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1

As @SjoerdSmit mentioned in the comments, I had a syntax error for the 'data' section of my FindFit function. It should read {{1000, Pi/2}} instead of how I had written it above. This is because the first argument of FindFit should be a SET of data. Thanks to Sjoerd!


16

A least squares approach: model = a/((x - x01)^2 + c y^2) + a/((x - x02)^2 + c y^2) $ \frac{a}{c y^2+(x-\text{x01})^2}+\frac{a}{c y^2+(x-\text{x02})^2} $ If we assume the equation will be model==1, then the sum of the squares of the residuals will be: errorfunc = Total[(1 - (model /. {x -> #[[1]], y -> #[[2]]} &) /@ data)^2]; Then, minimizing ...


5

Others might have a much better way, but wanted to look into the residuals and found that fitting two sines one after the other does actually a pretty good job. Also, I scaled your values up by 10^8 just to be sure there are no numerical issues. I'll just leave the code here and see for yourself how many of the parameters you need. pts = {2.29398, 16.4984, ...


2

One can't use FindDistributionParameters once the data becomes binned. However, one can construct the log of the likelihood function and then use FindMaximum as long as you still have the counts. (The relative frequencies won't do.) (* Generate histogram data with unequal bin widths *) SeedRandom[12345] x = RandomVariate[WeibullDistribution[2, 3], 1000]; {...


5

One can't expect much with estimating 5 coefficients (a, b, c, d, and error variance) with just 7 points. That also makes it difficult for getting convergence to the maximum likelihood or least-squares estimates as good starting values become more critical. (The default starting values are all 1.0 and most of the final estimates are far away from 1.0.) ...


3

This is an extended comment. You do not have a situation where a regression is an appropriate analysis (other than maybe to get starting values). It appears (from the original data and your comment that you are sampling from a distribution) that you have a sample from which you created a histogram on a log scale of the sampled variable. Then you provided ...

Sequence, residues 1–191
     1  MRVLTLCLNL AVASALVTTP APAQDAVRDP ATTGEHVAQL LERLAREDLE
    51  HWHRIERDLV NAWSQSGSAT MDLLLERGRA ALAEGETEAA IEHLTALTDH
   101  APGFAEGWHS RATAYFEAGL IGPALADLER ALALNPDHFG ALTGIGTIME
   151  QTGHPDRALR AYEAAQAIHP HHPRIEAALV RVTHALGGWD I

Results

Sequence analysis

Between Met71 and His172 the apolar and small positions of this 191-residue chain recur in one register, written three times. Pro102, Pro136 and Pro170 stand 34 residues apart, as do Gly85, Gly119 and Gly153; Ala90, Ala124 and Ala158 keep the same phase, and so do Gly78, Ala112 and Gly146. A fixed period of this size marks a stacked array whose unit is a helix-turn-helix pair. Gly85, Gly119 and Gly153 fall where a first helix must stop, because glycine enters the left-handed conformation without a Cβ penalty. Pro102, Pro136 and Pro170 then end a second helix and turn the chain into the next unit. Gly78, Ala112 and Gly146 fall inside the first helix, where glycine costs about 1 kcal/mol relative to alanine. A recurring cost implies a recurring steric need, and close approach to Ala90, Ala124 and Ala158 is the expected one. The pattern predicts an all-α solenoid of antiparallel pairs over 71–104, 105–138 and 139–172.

3

A simple solution without rationalization and with standard accuracy data = {{172.345, 0.000710716}, {136.899, 0.00238143}, {108.742, 0.00822192}, {86.3772, 0.0117385}, {68.6119, 0.0123856}, {54.5003, 0.0147863}, {43.2912, 0.0148628}, {34.3874, 0.0131214}, {27.3149, 0.00879578}, {21.697, 0.00634049}, {17.2345, 0.00310614}, {13.6899, 0....


3

In order to avoid the overflow you can rationalize the numbers and increase the working precision. In order to get the process going in the direction you want you can put constraints. (Also, you might try to experiment using NonlinearModelFit.) data2 = Map[Rationalize[#, 10^-12] &, data, {-1}]; pars = FindFit[data2, {function, 70 > c > 20, 4 &...


2

I agrees with JimB. Here is a visualization of dataB and the surface you fitted to it which shows how far from a plane both the data and the model are. The low $r^2$ value seems entirely appropriate. Remember that $r^2$ is a measure of linearity (flatness in 3D) and not a measure of goodness-of-fit. Block[{blue, lollies}, blue = RGBColor[0., 0.59, 1.]; ...


5

It's your expectations that are wrong. The estimation process is working fine. Take a look at the data and the predicted surface for both sets of data. Show[ListPointPlot3D[dataA, PlotRange -> {All, All, {-3, 7}}, AxesLabel -> (Style[#, Bold, 18] &) /@ {"x", "y", "z"}], Plot3D[lmA[x, y], {x, 0, 1}, {y, 0, 1}], ImageSize -> Large] Show[...


3